Offline compiling

The effect-compiler tool (fxc.exe) is designed for offline compilation of HLSL shaders.

Compiling with the current compiler

The shader models supported by the current compiler are shown in Profiles. This example compiles a pixel shader for the shader model 5.1 target.

fxc /T ps_5_1 /Fo PixelShader1.fxc PixelShader1.hlsl

In this example:

  • ps_5_1 is the target profile.
  • PixelShader1.fxc is the output object file containing the compiled shader.
  • PixelShader1.hlsl is the source.
fxc /Od /Zi /T ps_5_1 /Fo PixelShader1.fxc PixelShader1.hlsl

The debug options include additional options to disable compiler optimizations (Od) and enable debug information (Zi) like line numbers and symbols.

For a full listing of the command-line options, see the Syntax page.

Compiling with the legacy compiler

Beginning with Direct3D 10, some shader models are no longer supported. These include pixel shader models: ps_1_1, ps_1_2, ps_1_3, and ps_1_4 which support very limited resources and are dependent on hardware. The compiler has been redesigned with shader model 2 (or greater) which allows for greater efficiencies with compilation. This of course will require that you are running on hardware that supports shader models 2 and greater.

Also note that you should consult the SDK release notes associated with your version of the FXC compiler for behavior affected by the /Gec switch.

Using the effect-compiler tool in a subprocess

If fxc.exe is spawned as a subprocess by an application it is important to ensure that the application checks for and reads any data in output or error pipes passed to the CreateProcess function. If the application only waits for the subprocess to finish and one of the pipes becomes full the subprocess will never finish.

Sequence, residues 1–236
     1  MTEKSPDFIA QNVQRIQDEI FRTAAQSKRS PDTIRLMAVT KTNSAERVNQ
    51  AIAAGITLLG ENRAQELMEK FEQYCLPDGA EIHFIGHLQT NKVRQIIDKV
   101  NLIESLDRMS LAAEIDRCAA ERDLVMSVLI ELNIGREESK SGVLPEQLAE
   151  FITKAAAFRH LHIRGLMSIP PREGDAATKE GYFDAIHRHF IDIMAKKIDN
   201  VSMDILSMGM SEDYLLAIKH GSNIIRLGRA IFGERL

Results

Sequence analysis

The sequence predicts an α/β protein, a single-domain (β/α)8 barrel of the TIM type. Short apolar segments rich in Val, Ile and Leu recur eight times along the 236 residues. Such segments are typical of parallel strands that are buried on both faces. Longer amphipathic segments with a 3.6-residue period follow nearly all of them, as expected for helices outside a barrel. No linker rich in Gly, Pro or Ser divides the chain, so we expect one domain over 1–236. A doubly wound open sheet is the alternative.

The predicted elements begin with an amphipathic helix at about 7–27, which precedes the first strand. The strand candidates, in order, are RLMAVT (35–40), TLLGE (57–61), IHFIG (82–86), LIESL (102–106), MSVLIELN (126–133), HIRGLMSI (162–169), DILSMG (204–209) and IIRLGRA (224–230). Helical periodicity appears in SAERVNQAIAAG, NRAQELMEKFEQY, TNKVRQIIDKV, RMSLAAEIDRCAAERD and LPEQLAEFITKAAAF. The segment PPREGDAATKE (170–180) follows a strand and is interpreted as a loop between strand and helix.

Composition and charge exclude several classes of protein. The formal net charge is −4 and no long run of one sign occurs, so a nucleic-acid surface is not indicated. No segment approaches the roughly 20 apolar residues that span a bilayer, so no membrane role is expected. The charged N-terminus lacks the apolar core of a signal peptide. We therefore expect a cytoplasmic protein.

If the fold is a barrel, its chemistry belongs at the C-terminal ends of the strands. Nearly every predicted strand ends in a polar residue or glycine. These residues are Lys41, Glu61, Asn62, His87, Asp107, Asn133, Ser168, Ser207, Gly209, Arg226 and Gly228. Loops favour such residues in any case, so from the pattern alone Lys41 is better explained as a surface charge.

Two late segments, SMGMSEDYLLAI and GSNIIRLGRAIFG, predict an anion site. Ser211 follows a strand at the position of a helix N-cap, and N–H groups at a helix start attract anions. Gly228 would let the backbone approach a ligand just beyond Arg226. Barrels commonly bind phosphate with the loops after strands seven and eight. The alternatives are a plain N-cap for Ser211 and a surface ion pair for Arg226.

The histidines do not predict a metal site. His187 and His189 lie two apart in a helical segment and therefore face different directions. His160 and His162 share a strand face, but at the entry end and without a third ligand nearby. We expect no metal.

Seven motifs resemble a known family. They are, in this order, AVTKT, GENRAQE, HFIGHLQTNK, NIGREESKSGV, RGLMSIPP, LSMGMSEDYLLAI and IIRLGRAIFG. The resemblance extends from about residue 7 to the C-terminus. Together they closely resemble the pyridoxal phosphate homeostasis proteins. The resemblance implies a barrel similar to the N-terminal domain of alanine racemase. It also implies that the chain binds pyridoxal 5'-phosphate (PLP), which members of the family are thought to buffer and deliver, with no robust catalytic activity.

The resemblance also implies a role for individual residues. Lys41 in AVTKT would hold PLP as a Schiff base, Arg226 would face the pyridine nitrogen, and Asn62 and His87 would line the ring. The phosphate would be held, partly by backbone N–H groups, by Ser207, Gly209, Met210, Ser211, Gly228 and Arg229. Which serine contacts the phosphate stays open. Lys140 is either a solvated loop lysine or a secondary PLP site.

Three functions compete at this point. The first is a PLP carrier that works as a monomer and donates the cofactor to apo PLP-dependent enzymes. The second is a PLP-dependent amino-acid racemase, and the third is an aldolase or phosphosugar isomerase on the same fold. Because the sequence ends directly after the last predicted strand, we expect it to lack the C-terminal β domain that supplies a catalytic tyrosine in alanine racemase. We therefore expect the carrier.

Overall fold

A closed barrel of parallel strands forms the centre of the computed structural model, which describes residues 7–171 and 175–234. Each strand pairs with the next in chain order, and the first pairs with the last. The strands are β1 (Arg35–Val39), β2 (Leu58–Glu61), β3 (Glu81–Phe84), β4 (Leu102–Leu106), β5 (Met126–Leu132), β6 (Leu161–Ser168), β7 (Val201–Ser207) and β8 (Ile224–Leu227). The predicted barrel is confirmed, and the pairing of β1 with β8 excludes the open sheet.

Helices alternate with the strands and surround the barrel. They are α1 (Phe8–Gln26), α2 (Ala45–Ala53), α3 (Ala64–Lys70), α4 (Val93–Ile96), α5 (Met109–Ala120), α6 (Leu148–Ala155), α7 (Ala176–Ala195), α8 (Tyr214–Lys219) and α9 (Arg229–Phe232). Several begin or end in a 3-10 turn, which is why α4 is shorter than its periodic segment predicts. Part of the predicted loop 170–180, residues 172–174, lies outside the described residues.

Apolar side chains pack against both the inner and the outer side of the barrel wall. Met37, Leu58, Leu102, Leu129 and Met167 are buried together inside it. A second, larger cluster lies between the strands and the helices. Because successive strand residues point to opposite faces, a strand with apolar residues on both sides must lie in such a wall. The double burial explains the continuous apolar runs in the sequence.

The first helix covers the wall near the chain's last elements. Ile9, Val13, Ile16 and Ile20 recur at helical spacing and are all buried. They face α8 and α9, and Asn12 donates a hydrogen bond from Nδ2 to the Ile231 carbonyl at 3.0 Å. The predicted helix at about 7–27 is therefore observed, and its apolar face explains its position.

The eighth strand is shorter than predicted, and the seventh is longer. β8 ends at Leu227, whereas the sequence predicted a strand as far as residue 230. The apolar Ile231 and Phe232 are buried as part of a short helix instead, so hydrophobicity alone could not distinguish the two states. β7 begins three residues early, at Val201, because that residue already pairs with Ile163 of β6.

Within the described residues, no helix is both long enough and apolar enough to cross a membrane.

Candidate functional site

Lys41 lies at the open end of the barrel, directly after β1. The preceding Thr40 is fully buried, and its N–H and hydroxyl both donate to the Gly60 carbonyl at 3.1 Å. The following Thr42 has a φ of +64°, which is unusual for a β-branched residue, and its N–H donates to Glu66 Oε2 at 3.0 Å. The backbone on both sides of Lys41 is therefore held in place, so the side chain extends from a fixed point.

The following example code illustrates waiting on a subprocess and reading the output and error pipes attached to the subprocess. The contents of the WaitHandles array correspond to handles for the subprocess, the pipe for stdout and the pipe for stderr.

HANDLE WaitHandles[] = {
  piProcInfo.hProcess, hReadOutPipe, hReadErrorPipe

const DWORD BUFSIZE = 4096;

while (1)
    DWORD dwBytesRead, dwBytesAvailable;

    dwWaitResult = WaitForMultipleObjects(3, WaitHandles, FALSE, 60000L);

    // Read from the pipes...
    while (PeekNamedPipe(hReadOutPipe, NULL, 0, NULL, &dwBytesAvailable, NULL) && dwBytesAvailable)
        ReadFile(hReadOutPipe, buff, BUFSIZE - 1, &dwBytesRead, 0);
        streamOut << std::string((char*)buff, (size_t)dwBytesRead);
    while (PeekNamedPipe(hReadErrorPipe, NULL, 0, NULL, &dwBytesAvailable, NULL) && dwBytesAvailable)
        ReadFile(hReadErrorPipe, buff, BUFSIZE - 1, &dwBytesRead, 0);
        streamError << std::string((char*)buff, (size_t)dwBytesRead);

    // Process is done, or we timed out:
    if (dwWaitResult == WAIT_OBJECT_0 || dwWaitResult == WAIT_TIMEOUT)

For additional information on spawning a process see the reference page for CreateProcess.